Advertising on the websites of premium publishers, such as The New York Times and Hearst properties, is three times as effective as it is on those of nonpremium publishers at boosting brand favorability and making users more likely to recommend products or services, according to a study by comScore.
The study, released today, examined the online display campaigns of 15 large brands to compare advertising inventory and brand lift between premium publishers and all other publishers. The study included household goods, auto, consumer electronics and telecom brands. The publishers that were part of the study were all part of Digital Content Next, a trade group formerly known as the Online Publishers Association that includes dozens of the best-known publications including The New York Times, ABC, NPR and Condé Nast.
"This outsized mid-funnel performance is of particular significance for the large consumer brands that drive the majority of digital ad spending," wrote Andrew Lipsman, the author of the report. "These brands will tend to have already established high brand awareness and therefore prefer to focus more on influencing how consumers feel about the brand so that they are more likely to purchase that brand when they are in the market to do so."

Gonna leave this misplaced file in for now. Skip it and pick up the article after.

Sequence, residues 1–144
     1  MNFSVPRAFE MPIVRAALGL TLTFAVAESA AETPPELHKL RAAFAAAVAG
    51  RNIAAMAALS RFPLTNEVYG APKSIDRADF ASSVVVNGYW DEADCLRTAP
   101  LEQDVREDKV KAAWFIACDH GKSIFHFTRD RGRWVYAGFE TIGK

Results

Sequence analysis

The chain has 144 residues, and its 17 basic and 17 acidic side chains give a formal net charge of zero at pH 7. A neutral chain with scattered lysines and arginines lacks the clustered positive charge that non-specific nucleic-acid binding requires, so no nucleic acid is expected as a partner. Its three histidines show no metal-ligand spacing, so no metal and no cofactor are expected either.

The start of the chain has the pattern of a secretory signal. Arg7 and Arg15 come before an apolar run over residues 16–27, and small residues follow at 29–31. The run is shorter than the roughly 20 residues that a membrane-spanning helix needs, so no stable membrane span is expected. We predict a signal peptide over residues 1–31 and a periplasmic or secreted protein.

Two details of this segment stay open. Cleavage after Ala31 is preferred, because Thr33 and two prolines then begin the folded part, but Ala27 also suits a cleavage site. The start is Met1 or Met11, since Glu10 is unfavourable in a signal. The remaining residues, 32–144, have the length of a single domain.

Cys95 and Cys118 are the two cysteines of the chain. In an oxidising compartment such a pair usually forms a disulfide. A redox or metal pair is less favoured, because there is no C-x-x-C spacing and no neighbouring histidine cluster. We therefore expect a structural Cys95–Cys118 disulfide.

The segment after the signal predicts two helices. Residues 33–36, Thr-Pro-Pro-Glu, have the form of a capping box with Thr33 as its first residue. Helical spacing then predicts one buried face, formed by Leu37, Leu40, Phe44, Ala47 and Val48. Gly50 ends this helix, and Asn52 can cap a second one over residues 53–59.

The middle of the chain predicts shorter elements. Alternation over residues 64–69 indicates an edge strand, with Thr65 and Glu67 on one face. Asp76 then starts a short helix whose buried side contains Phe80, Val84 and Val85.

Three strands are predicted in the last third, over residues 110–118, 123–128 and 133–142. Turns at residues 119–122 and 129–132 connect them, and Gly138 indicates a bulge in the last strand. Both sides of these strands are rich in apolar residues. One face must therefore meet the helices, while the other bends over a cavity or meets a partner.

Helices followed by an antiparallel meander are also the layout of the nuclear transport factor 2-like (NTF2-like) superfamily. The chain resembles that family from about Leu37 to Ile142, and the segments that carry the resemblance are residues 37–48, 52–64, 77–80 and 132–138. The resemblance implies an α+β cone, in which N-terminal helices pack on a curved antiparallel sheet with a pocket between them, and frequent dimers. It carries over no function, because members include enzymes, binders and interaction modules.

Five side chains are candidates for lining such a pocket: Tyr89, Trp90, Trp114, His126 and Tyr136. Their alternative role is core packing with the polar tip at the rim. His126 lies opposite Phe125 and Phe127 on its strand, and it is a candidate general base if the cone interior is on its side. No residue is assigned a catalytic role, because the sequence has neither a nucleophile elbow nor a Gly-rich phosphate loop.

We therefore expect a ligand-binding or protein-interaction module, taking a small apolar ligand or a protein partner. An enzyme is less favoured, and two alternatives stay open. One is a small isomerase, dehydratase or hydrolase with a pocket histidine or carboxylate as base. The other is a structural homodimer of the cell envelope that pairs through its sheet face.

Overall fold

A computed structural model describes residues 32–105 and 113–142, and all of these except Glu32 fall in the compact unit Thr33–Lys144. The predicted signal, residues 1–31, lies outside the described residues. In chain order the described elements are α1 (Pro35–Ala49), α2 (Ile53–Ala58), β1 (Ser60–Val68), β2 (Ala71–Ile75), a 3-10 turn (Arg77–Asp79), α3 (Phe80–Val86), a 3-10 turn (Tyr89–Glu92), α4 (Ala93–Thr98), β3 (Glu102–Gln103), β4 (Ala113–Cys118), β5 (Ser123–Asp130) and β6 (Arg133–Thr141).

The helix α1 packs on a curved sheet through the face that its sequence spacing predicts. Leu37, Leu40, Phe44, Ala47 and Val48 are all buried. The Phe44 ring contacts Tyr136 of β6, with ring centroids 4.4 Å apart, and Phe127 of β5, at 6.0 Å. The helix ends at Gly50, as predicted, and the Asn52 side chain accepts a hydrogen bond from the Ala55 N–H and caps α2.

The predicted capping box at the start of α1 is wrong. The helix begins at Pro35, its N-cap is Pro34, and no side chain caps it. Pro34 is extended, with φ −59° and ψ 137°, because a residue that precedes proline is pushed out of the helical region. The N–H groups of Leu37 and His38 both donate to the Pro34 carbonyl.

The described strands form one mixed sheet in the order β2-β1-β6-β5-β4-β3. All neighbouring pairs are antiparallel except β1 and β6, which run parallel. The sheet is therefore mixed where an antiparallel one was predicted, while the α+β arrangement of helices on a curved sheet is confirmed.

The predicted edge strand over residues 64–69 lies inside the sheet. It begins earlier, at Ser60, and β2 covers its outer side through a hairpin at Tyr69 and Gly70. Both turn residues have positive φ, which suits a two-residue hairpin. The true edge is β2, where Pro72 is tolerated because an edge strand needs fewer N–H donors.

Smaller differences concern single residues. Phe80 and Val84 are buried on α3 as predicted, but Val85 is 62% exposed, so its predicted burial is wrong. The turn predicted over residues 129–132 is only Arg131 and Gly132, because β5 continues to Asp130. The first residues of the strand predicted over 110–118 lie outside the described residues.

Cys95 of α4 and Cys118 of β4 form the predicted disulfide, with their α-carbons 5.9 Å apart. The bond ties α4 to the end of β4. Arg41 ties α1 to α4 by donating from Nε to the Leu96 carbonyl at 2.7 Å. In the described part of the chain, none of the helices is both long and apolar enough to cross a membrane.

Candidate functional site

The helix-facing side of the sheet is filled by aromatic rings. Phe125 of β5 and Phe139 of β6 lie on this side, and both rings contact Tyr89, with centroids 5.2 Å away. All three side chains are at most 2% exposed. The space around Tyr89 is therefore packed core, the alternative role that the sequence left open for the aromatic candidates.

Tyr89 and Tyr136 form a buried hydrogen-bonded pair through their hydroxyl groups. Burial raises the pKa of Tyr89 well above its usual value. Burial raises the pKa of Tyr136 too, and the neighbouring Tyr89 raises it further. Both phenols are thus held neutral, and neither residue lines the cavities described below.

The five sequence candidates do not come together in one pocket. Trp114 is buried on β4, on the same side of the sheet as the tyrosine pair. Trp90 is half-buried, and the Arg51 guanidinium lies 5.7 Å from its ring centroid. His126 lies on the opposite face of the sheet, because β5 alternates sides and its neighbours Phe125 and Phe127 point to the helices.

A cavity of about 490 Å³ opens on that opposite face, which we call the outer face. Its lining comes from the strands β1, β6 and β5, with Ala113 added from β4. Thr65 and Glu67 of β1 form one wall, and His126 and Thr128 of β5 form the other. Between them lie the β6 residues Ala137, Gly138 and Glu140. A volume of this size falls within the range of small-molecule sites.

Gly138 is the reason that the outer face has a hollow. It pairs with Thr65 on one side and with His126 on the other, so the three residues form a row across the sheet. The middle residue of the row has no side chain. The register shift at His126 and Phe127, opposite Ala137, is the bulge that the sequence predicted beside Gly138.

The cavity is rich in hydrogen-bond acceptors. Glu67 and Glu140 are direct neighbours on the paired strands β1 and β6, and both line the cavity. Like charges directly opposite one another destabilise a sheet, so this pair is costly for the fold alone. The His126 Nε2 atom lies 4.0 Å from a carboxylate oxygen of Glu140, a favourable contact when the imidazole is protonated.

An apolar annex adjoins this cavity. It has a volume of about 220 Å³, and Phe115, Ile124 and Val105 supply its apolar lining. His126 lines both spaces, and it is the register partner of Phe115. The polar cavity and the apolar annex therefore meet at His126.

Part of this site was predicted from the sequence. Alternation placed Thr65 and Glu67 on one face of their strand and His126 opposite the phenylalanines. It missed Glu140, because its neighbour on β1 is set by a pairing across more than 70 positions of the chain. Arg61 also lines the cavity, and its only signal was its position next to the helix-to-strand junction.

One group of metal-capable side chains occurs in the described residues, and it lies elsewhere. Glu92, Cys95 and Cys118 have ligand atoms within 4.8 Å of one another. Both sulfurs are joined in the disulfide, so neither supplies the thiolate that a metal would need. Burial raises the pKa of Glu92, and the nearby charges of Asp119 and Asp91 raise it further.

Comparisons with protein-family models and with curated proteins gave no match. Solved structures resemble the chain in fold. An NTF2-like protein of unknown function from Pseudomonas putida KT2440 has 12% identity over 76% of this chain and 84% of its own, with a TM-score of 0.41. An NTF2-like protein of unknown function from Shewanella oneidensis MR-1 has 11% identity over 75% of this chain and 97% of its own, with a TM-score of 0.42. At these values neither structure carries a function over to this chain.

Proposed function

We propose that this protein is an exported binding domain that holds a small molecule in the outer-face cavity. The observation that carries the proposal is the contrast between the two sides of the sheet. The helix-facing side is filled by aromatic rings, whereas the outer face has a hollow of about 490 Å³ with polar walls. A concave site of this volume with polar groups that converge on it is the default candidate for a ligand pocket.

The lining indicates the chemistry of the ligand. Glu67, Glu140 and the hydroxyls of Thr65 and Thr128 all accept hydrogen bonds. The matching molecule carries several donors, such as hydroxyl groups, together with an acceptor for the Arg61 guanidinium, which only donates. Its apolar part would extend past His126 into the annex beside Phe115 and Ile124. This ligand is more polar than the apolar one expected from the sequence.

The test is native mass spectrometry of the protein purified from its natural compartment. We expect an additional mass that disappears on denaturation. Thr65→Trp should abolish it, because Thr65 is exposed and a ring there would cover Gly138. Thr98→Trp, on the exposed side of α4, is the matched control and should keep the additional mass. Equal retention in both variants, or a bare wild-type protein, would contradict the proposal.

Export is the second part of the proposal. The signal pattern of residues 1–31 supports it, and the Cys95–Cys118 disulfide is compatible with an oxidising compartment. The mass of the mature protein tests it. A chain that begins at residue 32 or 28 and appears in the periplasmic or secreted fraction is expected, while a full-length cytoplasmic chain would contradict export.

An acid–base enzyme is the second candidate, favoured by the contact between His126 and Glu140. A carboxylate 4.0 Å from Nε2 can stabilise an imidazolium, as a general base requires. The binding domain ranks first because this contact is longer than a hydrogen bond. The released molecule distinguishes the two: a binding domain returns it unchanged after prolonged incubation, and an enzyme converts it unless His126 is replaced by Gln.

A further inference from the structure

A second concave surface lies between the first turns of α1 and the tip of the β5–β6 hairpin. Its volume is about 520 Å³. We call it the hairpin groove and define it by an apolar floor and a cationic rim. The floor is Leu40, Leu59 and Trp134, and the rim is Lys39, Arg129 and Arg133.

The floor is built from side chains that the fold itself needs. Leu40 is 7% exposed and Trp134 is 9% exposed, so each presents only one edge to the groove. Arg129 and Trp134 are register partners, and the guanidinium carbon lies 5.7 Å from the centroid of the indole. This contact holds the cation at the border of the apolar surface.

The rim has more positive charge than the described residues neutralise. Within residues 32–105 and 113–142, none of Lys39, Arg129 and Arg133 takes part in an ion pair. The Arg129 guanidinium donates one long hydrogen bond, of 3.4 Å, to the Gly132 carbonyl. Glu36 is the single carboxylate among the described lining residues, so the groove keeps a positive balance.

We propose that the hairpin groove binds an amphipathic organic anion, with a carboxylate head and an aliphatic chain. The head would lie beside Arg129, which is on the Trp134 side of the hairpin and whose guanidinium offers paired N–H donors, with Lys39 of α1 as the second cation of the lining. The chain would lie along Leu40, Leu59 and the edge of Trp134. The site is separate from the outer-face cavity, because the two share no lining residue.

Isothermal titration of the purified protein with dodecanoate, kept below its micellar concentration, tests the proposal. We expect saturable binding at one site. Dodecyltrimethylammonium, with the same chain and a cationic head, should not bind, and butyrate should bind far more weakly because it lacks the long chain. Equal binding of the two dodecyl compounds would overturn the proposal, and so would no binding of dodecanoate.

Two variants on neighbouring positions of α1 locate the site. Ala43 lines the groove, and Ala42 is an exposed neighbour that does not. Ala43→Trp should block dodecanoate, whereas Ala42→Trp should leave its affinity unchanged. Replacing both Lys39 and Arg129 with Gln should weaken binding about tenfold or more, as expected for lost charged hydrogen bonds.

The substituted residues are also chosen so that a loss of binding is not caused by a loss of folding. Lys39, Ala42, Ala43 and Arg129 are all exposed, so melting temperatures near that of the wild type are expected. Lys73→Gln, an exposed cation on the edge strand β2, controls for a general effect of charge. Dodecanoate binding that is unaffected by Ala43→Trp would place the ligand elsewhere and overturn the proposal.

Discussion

ComScore said the boost in favorability could partially be a result of better viewability rates on premium websites—50 percent compared with 45 percent for non-DCN publishers. The study found that premium publishers also were better at optimizing their website designs around viewability, which led to users spending more time on their pages and ultimately to see fully rendered ads. DCN publishers also were less likely to "stuff" low-quality ads at the bottom of pages or have ads that weren't viewable at all.
Along with the better viewability, comScore said the ads on premium websites also benefited from a "halo effect" that comes from the quality and subject matter of articles where the ads are seen. While DCN publishers' effectiveness was 67 percent higher overall, 51 percent of that increase came from the halo effect, according to the report.
According to comScore, larger and more well established brands focused less on awareness and more on driving results could also benefit from directing more of their online spending to premium publishers.
"Advertisers are likely to benefit from driving gains across all key brand lift metrics when advertising on premium publisher sites," according to the report. "But they may derive especially strong benefit in advertising on premium sites when they are specifically focused on increasing how consumers feel about their brands."
Here are some more findings from the report: